Following human colonisation, large areas of forest on São Tomé were cleared for cultivation, with 42 percent of the land being given to cocoa cultivation (5). During the 1970s, enormous quantities of pesticides were used in these cocoa plantations, greatly reducing the population of the oriole. The oriole had some chance to recover when, following a crash in cocoa prices in 1975, many cocoa plantations were abandoned and the land regenerated into secondary forest, providing suitable habitat for several endemic birds, including the São Tomé oriole (5). However, the oriole population has not fully recovered from these declines and is constantly threatened by the possibility of old plantations being brought back into production, or developed for different types of agriculture, which would almost certainly involve an increase in pesticide use (5).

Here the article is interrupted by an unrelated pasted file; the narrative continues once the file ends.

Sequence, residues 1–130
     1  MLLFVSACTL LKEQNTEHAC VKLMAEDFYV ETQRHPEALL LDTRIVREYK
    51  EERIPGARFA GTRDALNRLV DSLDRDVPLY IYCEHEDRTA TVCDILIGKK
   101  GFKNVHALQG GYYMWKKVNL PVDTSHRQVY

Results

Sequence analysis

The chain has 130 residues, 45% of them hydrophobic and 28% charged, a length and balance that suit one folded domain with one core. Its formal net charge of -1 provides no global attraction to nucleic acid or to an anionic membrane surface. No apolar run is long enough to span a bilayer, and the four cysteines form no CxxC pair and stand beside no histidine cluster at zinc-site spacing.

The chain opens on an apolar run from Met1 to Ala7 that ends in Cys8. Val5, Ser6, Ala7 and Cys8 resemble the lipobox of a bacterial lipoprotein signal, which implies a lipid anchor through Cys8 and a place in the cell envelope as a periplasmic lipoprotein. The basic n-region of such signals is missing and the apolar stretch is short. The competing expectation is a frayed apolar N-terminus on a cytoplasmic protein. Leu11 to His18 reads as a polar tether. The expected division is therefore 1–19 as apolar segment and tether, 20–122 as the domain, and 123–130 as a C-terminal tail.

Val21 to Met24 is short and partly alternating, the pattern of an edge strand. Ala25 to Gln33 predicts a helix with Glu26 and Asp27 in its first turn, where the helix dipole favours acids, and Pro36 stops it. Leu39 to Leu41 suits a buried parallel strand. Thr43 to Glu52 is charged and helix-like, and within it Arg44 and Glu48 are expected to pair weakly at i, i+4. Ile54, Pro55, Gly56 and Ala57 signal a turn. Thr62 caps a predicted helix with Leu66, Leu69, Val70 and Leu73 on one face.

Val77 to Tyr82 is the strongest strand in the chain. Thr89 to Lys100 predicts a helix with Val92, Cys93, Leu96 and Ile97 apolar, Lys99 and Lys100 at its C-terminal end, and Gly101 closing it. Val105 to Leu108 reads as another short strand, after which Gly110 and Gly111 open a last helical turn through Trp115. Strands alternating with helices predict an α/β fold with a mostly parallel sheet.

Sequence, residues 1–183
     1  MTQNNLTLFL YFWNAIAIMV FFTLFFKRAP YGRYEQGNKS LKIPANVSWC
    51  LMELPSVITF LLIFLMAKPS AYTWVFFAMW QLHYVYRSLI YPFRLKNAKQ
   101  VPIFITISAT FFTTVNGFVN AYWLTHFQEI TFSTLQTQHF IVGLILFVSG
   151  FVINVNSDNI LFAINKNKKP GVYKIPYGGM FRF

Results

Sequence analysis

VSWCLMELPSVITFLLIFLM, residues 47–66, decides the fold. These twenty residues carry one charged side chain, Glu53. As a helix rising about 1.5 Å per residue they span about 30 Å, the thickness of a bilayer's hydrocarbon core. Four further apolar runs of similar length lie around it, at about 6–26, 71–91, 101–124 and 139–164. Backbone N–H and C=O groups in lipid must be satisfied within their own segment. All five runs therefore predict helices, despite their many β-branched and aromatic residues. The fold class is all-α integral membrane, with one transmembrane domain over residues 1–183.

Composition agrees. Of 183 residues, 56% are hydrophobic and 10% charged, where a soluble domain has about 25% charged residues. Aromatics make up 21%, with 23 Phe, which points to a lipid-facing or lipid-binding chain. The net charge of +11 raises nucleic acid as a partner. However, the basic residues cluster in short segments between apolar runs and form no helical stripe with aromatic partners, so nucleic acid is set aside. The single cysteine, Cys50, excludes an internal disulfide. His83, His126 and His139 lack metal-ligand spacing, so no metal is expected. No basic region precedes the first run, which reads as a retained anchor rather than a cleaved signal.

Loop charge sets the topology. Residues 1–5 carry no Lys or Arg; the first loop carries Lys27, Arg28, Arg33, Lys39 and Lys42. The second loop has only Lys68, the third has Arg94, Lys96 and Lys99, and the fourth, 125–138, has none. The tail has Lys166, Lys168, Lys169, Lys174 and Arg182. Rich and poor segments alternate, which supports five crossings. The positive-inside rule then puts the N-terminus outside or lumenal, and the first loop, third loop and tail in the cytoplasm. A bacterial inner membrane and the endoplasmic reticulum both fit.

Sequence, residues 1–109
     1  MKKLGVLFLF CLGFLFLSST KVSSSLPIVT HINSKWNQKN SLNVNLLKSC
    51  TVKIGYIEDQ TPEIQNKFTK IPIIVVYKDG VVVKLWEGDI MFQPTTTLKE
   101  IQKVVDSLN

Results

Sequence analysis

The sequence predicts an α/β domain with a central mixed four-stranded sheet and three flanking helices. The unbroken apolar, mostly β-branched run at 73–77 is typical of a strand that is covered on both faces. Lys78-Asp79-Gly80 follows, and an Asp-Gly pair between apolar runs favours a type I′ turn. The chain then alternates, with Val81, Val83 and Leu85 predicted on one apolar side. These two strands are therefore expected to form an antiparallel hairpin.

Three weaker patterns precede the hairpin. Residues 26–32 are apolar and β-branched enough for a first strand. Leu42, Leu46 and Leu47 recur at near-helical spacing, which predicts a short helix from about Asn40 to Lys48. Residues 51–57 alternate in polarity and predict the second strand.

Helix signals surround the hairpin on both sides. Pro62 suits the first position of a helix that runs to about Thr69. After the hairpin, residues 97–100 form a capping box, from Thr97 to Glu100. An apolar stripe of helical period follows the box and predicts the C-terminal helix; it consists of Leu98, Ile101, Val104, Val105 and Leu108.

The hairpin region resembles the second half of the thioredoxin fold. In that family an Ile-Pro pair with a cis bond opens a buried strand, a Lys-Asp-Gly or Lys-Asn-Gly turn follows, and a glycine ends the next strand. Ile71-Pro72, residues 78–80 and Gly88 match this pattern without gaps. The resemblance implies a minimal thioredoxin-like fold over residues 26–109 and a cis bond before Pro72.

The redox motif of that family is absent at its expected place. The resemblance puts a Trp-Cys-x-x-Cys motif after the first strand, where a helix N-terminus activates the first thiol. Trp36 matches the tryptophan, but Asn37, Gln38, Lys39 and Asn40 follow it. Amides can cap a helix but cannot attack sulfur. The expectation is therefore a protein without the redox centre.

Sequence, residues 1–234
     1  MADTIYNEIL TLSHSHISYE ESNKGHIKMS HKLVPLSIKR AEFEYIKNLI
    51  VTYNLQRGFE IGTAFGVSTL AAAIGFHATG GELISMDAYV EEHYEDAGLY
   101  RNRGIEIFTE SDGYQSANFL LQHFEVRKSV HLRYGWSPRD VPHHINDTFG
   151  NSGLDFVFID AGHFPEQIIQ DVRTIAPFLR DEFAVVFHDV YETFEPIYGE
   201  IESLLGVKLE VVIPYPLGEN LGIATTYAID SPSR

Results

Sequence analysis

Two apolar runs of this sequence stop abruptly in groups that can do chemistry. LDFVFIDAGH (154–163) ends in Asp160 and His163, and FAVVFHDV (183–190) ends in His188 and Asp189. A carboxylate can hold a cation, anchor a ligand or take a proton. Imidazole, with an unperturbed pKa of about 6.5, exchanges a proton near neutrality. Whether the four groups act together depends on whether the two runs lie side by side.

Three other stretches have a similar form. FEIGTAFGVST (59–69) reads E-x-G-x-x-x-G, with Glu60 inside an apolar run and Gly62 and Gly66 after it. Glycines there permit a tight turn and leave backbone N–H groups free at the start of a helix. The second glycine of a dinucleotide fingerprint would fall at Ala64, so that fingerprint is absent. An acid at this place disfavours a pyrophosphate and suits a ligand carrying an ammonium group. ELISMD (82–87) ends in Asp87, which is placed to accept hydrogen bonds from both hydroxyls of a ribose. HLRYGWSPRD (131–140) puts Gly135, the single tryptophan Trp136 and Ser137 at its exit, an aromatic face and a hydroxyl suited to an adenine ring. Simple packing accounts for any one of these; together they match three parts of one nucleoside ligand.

The montane primary forest of the island is at immediate risk from encroaching agriculture, and any further loss of this vital habitat would seriously endanger the São Tomé oriole (5). Secondary forest on Sao Tome is also threatened by the development of agriculture and an increasing demand for timber (5). In addition, the development of roads on the island is opening up previously remote areas (2), increasing the chance of habitat loss and degradation.